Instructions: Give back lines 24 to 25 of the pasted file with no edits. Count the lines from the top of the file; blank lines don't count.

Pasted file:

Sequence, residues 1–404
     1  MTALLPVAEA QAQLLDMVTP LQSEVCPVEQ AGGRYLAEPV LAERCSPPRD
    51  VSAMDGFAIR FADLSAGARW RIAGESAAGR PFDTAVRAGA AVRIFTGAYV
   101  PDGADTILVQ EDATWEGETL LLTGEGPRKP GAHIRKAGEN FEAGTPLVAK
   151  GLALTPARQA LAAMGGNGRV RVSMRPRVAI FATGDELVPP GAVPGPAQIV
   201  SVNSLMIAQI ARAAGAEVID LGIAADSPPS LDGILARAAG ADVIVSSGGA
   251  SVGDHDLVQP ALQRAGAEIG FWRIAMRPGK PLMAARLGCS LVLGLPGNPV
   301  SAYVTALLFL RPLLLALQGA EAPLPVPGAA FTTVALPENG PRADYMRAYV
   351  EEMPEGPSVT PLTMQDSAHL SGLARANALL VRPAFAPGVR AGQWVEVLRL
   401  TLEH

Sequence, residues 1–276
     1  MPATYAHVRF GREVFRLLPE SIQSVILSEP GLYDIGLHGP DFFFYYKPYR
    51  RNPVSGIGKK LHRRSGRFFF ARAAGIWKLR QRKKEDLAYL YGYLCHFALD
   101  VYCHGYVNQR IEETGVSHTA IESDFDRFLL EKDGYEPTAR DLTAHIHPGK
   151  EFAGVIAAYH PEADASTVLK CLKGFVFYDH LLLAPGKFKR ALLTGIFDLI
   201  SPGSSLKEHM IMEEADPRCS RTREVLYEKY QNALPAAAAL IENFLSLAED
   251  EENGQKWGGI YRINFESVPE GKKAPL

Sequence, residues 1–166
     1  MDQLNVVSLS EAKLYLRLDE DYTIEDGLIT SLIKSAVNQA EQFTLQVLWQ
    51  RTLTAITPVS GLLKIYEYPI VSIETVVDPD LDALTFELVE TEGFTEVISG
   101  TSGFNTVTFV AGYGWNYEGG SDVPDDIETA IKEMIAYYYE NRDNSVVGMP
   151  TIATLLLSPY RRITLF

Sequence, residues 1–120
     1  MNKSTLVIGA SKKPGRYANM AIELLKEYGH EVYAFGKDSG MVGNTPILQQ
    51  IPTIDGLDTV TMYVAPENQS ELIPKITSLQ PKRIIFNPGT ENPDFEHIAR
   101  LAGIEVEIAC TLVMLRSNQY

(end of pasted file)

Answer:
     1  MNKSTLVIGA SKKPGRYANM AIELLKEYGH EVYAFGKDSG MVGNTPILQQ
    51  IPTIDGLDTV TMYVAPENQS ELIPKITSLQ PKRIIFNPGT ENPDFEHIAR